Armchair Oscars – 1949

Best Picture

All the King’s Men (Directed by Robert Rossen)
The Nominees: Battleground, The Heiress, A Letter to Three Wives, Twelve O’Clock High

The Third Man (Directed by Carol Reed)
My Nominees:
The Bicycle Thief (Vittorio de Sica), The Heiress (William Wyler), A Letter to Three Wives (Joseph L. Mankewicz), On the Town (Stanley Donen and Gene Kelly), White Heat (Raoul Walsh)


Of all the films that won Best Picture, I find Robert Rossen’s All the King’s Men to be the most unpleasant. Based on the book by Robert Penn Warren, the film is an angry look into the corruption that consumes honest dirt farmer Willie Stark. He wins the hearts of his voters by promising to clean up the dirty political structure of Louisiana but becomes just as corrupt and dishonest as those he railed against.

I think the first thing that turns me off about All the King’s Men is the lead performance by Broderick Crawford who is so loud and crass and mean that I didn’t care what happened to him. I also disliked the fact that the movie becomes too distracted by side characters and the attempt to accommodate the full breadth of Warren’s novel. I find that few people agree with the academy on All the King’s Men. Most, I think, would agree with my choice for the Best Picture of 1949, Carol Reed’s brilliant film noir classic – The Third Man.

The Third Man is a film lover’s dream, a movie that is richly detailed, beautifully photographed, brilliantly performed and contains arguably the best musical score ever written. Filmed in gorgeous black and white by Robert Krasker, The Third Man takes place in post-war Vienna, a city still rattled by the shell shock of World War II. The city is divided into American, British, French and Russian sectors, but that doesn’t mean they are bosom chums. Vienna is also divided by a political climate stuck between the aftermath of World War II and the paranoia of the oncoming Cold War. The reminders of the war are present in the landscape but signs of the rising cold war are present in the atmosphere.

Into this chaos comes Holly Martins (Joseph Cotton), an American who drinks too much and makes his living writing fluff westerns. He has come to Vienna at the invitation of his old friend, Harry Lime, but finds that he is just in time to attend the man’s funeral. What happened to Lime becomes Holly’s focus and plunges him into a strange cast of characters that Lime left in his wake. There is Anna (Alida Valli), Harry’s girl, whom Holly first sees at the funeral. There is Calloway (Trevor Howard) a police detective who views Lime as a creature lower than an insect, and who suggests to Holly that he forget the whole business and go home. There is the kindly Sergeant Paine (Bernard Lee), a British officer and Calloway’s right-hand brick who knows of Holly’s books and is kind to him even after giving him a right cross. There are Lime’s associates: Kurtz, a polite little man who lays out the details of Harry’s death but regards Holly with a less than well-intentioned smile. There’s Popescu. There’s Dr. Winkle. There’s the porter who speaks broken English and reveals fragments of information about a “third man” who was present on the night Harry died (he doesn’t last long).

All of these actors seem to have been cast based on their faces. They are broad-lined, with the kinds of expressions that reveal turmoil and regret, as if breathing even a single misspoken word means instant death. Even Hansl (Herbert Halbik), a little boy who comes into the story only to chase his ball, has a face that suggests that perhaps he knows more than he should say.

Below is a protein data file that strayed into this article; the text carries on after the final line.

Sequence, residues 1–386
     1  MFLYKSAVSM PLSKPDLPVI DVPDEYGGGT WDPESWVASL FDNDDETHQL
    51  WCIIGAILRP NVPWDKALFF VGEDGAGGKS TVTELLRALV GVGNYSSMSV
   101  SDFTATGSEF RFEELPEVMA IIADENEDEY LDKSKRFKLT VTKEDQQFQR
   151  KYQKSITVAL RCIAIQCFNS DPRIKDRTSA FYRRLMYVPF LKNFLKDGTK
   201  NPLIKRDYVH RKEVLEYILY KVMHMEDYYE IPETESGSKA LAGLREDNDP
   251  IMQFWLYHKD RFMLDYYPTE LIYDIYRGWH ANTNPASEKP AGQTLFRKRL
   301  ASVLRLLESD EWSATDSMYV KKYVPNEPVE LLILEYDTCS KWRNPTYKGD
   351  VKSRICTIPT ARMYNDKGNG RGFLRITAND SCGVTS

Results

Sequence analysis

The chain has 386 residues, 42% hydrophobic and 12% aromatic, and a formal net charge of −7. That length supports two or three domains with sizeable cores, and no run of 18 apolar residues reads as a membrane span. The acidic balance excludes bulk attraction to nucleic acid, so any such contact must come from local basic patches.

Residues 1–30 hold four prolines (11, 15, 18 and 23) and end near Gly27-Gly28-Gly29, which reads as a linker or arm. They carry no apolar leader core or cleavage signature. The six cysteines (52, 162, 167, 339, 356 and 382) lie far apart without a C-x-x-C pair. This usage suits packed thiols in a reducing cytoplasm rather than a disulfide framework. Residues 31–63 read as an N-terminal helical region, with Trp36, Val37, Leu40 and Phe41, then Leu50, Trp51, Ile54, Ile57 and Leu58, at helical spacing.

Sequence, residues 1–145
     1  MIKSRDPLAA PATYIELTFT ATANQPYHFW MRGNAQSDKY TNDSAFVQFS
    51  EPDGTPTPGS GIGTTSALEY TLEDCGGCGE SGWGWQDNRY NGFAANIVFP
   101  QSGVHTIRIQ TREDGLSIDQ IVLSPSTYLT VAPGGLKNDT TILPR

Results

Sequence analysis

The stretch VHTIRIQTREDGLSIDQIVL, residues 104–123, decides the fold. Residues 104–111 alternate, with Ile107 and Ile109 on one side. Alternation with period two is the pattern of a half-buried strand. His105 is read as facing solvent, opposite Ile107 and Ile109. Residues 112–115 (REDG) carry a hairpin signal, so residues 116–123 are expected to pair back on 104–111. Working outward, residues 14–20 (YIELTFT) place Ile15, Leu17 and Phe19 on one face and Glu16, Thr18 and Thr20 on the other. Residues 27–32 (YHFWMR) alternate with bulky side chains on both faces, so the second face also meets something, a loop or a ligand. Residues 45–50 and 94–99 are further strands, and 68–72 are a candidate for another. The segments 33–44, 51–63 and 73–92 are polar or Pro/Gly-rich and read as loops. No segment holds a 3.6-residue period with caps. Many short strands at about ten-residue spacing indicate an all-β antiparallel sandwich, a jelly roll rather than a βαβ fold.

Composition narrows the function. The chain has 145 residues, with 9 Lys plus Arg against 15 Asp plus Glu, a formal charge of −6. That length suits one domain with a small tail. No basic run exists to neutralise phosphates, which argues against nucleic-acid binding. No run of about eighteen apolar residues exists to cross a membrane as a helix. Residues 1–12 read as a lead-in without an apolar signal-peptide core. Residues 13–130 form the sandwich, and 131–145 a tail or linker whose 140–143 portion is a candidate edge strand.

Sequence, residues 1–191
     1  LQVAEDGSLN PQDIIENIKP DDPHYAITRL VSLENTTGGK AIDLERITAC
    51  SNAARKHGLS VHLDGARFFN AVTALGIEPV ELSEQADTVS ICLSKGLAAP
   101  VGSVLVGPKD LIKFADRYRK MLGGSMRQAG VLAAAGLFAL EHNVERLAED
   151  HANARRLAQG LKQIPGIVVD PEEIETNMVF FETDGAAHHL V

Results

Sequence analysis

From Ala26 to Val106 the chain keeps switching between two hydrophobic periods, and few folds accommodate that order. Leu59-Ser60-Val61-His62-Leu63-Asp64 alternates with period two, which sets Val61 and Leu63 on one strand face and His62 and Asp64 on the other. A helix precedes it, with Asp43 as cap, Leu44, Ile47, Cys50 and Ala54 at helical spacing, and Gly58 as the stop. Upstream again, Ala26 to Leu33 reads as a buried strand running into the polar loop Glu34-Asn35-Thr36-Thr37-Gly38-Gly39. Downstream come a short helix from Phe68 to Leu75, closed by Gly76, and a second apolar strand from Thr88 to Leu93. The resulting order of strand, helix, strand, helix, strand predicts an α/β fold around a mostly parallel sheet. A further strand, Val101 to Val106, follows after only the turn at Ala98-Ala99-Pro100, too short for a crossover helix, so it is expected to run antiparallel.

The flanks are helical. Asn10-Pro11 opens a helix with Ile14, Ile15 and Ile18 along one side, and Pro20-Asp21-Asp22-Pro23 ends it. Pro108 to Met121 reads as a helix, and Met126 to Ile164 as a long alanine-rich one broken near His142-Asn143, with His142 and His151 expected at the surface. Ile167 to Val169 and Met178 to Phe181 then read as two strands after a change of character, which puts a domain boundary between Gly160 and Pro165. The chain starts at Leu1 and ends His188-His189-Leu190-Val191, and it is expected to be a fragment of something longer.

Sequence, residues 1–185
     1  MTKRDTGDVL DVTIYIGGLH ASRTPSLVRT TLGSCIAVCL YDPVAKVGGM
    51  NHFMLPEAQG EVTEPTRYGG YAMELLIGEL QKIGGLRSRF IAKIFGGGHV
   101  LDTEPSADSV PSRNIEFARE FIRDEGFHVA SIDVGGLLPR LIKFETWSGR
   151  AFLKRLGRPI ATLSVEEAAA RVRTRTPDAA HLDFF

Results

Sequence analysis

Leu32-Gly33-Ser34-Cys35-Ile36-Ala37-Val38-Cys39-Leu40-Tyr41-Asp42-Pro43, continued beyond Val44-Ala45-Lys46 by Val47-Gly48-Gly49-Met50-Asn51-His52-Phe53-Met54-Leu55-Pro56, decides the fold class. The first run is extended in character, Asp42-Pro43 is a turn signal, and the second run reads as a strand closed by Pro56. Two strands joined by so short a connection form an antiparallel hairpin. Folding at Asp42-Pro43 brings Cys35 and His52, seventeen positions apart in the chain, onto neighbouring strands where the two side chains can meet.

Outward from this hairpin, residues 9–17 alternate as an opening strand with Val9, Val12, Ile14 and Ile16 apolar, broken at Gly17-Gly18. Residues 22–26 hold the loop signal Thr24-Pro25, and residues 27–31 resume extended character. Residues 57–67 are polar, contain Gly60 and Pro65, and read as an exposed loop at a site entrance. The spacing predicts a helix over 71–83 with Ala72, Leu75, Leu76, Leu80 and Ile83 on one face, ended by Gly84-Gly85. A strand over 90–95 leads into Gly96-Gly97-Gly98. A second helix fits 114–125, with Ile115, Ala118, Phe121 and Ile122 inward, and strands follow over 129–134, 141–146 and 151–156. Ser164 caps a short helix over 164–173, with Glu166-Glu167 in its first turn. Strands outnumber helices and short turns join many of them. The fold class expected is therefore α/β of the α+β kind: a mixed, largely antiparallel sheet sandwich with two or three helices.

Out of all these characters, however, none is more memorable than Harry Lime himself, who is revealed in one of the most famous introductions in film history. It is a moment so perfectly executed that whenever I watch the film I get chills knowing that the moment is coming. I remember every detail: The street, the close-up of the shoes, the cat meowing, the light in the window as we hear the voice of an unseen woman, Holly calling out for the hidden figure to reveal himself, sounding like an adult scolding a child. Then of course that moment we see Harry’s face for the first time, revealed as a light shines across it. Harry smiles with an expression that would be at home if he were caught in a game of hide and seek. Is this a ghost? Is this Holly’s hallucination? Has Holly been drinking too much? What’s going on here? This becomes an education to Holly, whose American sensibilities are shattered as he begins to realize that everyone has a secret to tell, that things are not as they seem, that even his best friend cannot be trusted.

We sense his distrust in a scene that follows, during a ride on a ferris-wheel when Harry opens the door to the carriage and Holly wraps his arm around a pole. The film plays with his loyalties, he doesn’t trust his friend (who would?) and he doesn’t listen to good advice. Holly is in love with a woman who is defiantly in love with Harry, a man seething with loathsome disgust. It is a union that Holly doesn’t have the mental capacity to begin to understand.

All of this is played out in a landscape that plays like another character. Post-war Vienna is a backdrop that no art director could have conceived. With all of these nationalities converging and a political climate that is creating a state of paranoia, we get the sense that nothing is as it seems, that no one is to be trusted. This is present in Robert Krasker’s black and white photography which creates blind alleys, rainy streets and dimly-lit windows. The camera tilts at odd angles to suggest a world in chaos, and there are shots that seem disjointed and don’t quite add up.

The film plays with our sensibilities even down to its genre. We are so familiar with the structure of the typical murder mystery, that it is a kick to watch the film break down our expectations one by one as we go along. The mystery isn’t linear in a traditional sense with all the players established around a mysterious death, it leads us along a particular path and then breaks that path and moves on to something else – this story must set a record for the number of red herrings.